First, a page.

State working on offender re-entry programs that were part of criminal justice bill
The head of the Justice and Public Safety Cabinet said last week the state is still working to implement a series of programs approved by legislators earlier this year that officials hope will increase job opportunities for people with felony convictions.
Legislators approved Senate Bill 120, which will allow the state Department of Corrections to partner with private industry to create jobs programs in prisons. The bill also allows jails to create and operate substance abuse and job training programs for inmates nearing release, and would loosen some restrictions that have prevented people with felonies from receiving professional licenses.
Justice Cabinet Secretary John Tilley said the state is in the process of applying for a federal waiver to create the jobs program, and businesses have expressed interest in participating.
“In terms of status, we are pushing as hard as we can” to get the waiver, Tilley said. Once the federal Bureau of Justice Assistance replies to the initial applications, state officials will make whatever changes are necessary and resubmit, he said.
The federal Department of Justice “promised to help expedite this,” Tilley said.
State officials visited a similar program in Kansas, which has seen some success, Tilley said.
“For those working inside the wall, they are guaranteed a job upon release,” he said.
Tilley quoted a Safer Foundation study that found 18 percent of people who leave prison and retain a job for more than a year are unlikely to commit a new offense, while 52 percent of offenders who do not keep a job for a year after release later commit new crimes.
The program, when implemented, will allow inmates to make a normal wage while working in prison. That benefits the inmate by allowing him or her to save money while also paying child support, restitution and even some of their incarceration costs, Tilley said.
“It’s a competitive process” for jobs in the prison program, he said. After the state receives approval for the prison program, the state will recruit a company to participate.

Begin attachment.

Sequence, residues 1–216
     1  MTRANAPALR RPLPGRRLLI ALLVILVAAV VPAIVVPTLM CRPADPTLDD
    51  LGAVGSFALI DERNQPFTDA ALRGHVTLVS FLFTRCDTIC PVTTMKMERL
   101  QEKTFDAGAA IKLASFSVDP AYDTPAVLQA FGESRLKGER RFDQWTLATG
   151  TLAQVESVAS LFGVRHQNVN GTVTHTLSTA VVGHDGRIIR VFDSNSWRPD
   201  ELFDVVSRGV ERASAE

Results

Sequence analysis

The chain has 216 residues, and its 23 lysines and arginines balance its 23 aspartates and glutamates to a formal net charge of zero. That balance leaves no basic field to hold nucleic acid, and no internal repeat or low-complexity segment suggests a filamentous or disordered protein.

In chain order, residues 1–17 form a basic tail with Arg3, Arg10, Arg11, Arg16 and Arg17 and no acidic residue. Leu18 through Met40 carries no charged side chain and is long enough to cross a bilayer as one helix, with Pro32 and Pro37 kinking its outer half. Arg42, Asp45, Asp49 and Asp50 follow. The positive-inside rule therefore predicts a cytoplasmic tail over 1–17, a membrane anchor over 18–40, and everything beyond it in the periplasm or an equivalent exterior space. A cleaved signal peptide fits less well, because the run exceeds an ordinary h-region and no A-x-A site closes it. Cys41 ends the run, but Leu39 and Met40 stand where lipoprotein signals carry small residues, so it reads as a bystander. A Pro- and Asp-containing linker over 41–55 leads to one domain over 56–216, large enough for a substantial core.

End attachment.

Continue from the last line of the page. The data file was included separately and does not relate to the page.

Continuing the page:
“But we have had (companies) express interest,” he said.
The jail program would be similar to a work release, but would be for inmates nearing release. “This allows someone to become employed while in jail … and seamlessly re-enter (society) when they leave the jail,” Tilley said. The state has more than 24,000 inmates serving time in county jails.
“We know 95 percent of them are going to come home at some point,” he said
Not all full-service jails that house state inmates will want to create such programs, Tilley said. Justice Cabinet officials will hold training sessions for jailers at the Kentucky Jailers Association conference, which begins Oct. 10, he said.
“There is a lot of interest” among jailers, he said.
The bill also included a provision that would allow offenders to obtain professional licenses. The bill gives licensing boards the ability to deny a business license to a person with a felony conviction if the board determines the person’s criminal offense relates to the type of license being sought.
If a professional board denies a license, the person can appeal and can also file suit in court, Tilley said.
“We are training on all manner of things” in prisons. But in the past, a person who learned how to weld in prison, for example, was unable to obtain a professional license.
“Now, they’ll be able to truly be certified,” he said. “That will give them the credentials to work for a really nice wage all over the country.”
Other provisions included in the bill allow interested jails to operate re-entry centers, and for the Department of Corrections to create a drug court-style program to provide substance-abuse treatment for people leaving DOC on parole. Two DOC pilot programs are planned for northern and eastern Kentucky, Tilley said.
During debate about the bill, some legislators argued such programs create a situation where people with felony records are competing for jobs with people who have no criminal history.
“Felons are not the victims,” said Sen. Danny Carroll. “They knew what they were doing when they did it.”
When asked how he would respond to critics of the bill, Tilley said said the state also offers career training to the general public, but the opportunity is under-utilized.
“When you look at our career centers, no one takes advantage of what’s out there now,” Tilley said. “Employers are saying, ‘I’m willing to turn to an incarcerated population.'”
If the state does not work to improve employment prospects for people with felony convictions, the odds are high that people will continue committing new offenses, Tilley said. That is both a threat to public safety, and a cost, because taxpayers will have to pay to incarcerate inmates, he said.
“If we can turn that tax burden into a tax payer, that’s a win,” Tilley said.
By James Mayse